The state education board ultimately decided that creating a new district was not in the best interest of all children in the area. Board members also feared that approving a split would make the board vulnerable to lawsuits because most of the district's Anglo students would belong to the new district.
The three board members in favor of a split cited little evidence that education or attitudes would improve, and that until they did, the children would suffer.
The district for decades has been a battleground for disagreements on race, religion, politics and philosophies on education. Tension reached a head in May when the board voted 4-1 to close the Kirtland Business Office and move all personnel to Shiprock.
Although Kirtland employees complained about the added miles to commute to work, the root of the opposition came from a belief that the board closed the office for political reasons. By moving the district's administration to Shiprock, the human resources department would be under lease with the Navajo Nation, thus requiring the district to adhere to Navajo Preference in Employment Act.
The act instructs employers to select "any Navajo applicant or candidate who demonstrates the necessary qualifications for an employment position" in the case of hiring, promoting, transfer or upgrade, regardless of a non-Navajo applicant's qualifications.
The Kirtland area formed Children First to contest moving human resources to Shiprock, voicing concerns that their children would be taught by "minimally qualified" professionals and claiming the move was discriminating against them as non-Navajo residents.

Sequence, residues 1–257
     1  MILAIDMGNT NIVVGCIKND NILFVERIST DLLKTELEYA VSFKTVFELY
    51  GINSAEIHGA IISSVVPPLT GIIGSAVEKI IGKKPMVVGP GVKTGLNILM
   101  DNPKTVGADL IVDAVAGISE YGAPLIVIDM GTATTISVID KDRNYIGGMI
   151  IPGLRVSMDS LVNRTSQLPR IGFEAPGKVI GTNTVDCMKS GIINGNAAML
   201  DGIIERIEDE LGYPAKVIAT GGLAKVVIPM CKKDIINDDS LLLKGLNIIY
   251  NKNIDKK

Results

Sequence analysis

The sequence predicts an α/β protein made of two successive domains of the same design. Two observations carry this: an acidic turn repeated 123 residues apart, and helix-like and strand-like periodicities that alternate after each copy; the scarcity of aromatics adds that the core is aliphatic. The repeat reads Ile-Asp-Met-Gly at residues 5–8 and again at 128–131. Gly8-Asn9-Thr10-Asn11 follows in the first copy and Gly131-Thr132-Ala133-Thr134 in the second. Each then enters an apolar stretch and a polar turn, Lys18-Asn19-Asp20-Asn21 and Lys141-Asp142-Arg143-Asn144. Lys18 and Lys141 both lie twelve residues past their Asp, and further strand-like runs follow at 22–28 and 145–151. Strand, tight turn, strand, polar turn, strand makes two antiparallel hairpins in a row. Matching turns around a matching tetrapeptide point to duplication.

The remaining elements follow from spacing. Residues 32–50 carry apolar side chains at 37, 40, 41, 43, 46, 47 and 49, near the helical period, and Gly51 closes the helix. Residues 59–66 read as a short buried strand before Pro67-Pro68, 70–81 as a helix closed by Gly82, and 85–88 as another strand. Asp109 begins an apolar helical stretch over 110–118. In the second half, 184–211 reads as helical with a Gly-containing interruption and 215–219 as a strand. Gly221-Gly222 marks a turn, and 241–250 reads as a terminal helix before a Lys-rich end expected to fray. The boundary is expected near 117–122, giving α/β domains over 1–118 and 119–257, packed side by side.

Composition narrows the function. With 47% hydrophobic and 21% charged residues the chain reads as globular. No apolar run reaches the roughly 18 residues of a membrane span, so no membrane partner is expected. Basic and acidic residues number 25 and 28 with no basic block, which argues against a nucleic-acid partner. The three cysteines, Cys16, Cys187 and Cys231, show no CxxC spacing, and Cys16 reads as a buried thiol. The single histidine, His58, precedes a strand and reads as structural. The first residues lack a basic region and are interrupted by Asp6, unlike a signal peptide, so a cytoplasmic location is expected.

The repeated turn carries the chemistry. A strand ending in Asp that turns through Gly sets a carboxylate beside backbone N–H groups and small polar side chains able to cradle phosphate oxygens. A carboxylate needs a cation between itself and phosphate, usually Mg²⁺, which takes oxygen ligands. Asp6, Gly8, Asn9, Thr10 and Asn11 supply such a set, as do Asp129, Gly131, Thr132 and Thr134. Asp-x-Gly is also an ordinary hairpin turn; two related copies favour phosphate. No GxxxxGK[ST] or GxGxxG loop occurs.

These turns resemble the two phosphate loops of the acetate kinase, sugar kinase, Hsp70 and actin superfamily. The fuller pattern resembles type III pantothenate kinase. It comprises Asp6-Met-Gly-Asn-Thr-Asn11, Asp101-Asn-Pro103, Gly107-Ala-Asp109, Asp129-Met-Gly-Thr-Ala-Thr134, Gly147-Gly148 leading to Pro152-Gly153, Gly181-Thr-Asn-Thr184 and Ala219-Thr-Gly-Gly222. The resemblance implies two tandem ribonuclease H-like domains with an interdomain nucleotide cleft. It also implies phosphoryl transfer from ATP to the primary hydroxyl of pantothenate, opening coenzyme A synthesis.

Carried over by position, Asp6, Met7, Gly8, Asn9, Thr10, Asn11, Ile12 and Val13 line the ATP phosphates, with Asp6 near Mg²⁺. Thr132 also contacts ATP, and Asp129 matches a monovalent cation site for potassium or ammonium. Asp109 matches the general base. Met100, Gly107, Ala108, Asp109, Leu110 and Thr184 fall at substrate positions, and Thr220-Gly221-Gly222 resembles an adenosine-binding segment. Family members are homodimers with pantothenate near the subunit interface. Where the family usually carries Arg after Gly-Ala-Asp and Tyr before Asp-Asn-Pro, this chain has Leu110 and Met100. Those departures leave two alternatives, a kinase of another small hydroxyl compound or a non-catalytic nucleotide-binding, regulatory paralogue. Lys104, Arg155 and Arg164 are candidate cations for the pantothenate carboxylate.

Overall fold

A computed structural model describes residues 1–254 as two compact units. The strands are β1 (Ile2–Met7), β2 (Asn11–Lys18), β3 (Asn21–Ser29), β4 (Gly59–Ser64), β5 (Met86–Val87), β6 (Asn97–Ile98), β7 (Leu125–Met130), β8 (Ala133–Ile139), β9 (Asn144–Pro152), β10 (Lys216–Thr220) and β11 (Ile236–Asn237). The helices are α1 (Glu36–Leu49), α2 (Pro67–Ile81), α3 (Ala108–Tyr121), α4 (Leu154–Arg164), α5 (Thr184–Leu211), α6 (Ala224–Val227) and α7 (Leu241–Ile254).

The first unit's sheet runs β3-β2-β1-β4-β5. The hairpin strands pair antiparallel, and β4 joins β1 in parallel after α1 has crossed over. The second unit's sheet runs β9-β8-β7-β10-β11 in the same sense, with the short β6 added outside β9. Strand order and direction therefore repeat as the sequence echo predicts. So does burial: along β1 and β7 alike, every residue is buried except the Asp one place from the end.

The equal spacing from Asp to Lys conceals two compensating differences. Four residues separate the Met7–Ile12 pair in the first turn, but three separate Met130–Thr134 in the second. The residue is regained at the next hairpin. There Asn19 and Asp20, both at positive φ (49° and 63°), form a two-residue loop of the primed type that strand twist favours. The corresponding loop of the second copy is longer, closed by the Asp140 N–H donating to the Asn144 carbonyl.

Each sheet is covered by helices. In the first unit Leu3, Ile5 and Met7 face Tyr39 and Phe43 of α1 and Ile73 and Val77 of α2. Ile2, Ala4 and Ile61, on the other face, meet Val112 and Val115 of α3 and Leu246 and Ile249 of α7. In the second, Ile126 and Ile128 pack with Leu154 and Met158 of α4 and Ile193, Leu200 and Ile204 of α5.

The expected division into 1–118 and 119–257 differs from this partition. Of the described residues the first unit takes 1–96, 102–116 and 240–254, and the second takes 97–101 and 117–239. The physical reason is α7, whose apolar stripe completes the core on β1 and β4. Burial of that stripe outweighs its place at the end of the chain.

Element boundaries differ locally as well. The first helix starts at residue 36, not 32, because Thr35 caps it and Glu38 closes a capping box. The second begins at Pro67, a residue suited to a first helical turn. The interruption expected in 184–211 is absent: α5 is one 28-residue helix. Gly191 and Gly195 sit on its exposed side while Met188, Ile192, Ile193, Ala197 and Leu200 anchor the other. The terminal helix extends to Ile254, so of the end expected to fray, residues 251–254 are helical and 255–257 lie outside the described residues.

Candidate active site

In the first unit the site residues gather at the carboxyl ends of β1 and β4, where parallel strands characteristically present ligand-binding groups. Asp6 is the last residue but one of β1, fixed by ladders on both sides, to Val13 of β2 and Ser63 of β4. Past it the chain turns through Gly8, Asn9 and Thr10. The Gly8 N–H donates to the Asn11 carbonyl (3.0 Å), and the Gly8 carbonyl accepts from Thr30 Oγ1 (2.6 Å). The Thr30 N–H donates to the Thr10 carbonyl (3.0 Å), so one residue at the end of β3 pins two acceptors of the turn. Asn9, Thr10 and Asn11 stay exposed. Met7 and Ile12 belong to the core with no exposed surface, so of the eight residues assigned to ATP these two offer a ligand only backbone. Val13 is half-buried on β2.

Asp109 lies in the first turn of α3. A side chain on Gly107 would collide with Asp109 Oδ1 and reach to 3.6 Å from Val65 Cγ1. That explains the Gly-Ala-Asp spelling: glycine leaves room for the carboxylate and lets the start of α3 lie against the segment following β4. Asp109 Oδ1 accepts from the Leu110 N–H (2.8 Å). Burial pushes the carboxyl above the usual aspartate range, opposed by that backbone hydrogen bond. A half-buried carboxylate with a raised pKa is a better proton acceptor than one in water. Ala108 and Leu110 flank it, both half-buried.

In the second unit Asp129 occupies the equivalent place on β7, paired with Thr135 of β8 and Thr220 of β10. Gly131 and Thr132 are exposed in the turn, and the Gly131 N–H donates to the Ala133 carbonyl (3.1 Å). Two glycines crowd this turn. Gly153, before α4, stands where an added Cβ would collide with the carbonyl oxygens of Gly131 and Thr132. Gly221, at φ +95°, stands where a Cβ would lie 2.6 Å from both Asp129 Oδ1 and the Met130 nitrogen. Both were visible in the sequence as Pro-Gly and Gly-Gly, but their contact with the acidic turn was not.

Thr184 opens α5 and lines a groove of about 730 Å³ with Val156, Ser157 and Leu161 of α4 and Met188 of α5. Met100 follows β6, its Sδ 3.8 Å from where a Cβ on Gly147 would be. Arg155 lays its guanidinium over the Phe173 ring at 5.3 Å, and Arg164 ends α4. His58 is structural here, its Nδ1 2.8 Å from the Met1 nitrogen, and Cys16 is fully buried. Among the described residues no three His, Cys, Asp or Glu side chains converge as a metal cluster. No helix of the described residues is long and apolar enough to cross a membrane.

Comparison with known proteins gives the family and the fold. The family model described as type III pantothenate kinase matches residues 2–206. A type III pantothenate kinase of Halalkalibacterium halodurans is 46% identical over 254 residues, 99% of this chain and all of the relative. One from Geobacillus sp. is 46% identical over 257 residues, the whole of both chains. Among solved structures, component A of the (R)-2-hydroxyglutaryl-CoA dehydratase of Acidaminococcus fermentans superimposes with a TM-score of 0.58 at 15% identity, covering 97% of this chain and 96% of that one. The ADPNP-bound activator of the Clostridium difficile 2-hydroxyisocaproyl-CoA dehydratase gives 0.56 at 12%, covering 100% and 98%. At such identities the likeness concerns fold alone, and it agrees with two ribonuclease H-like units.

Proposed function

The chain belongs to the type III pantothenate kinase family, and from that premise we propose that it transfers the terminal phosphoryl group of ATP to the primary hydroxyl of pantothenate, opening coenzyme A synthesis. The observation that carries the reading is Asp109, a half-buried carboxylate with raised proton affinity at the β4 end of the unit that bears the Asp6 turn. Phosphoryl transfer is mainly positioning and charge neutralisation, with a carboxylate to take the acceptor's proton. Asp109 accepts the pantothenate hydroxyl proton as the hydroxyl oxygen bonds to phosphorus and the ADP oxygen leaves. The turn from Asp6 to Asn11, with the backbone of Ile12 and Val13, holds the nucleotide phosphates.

When an attempt to get a temporary restraining order that would have delayed the closure failed in June, the group began seeking signatures on a petition to split the district.
Children First also represents a more progressive education philosophy, while district leaders and the majority of the board continually push for more traditional education in the classroom, such as language immersion programs.
Randy Manning, on the other hand, has pushed for studies of the immersion program and success rates of students who complete it. He is critical of the program and believes prioritizing Navajo language and culture in the classroom can detract from studies that help students meet state and federal education benchmarks and prepare them for college or the work force.
"What the district wants to do with education is totally different from what we want to do," Manning said. "The district is not concerned about what students are going to do in real life."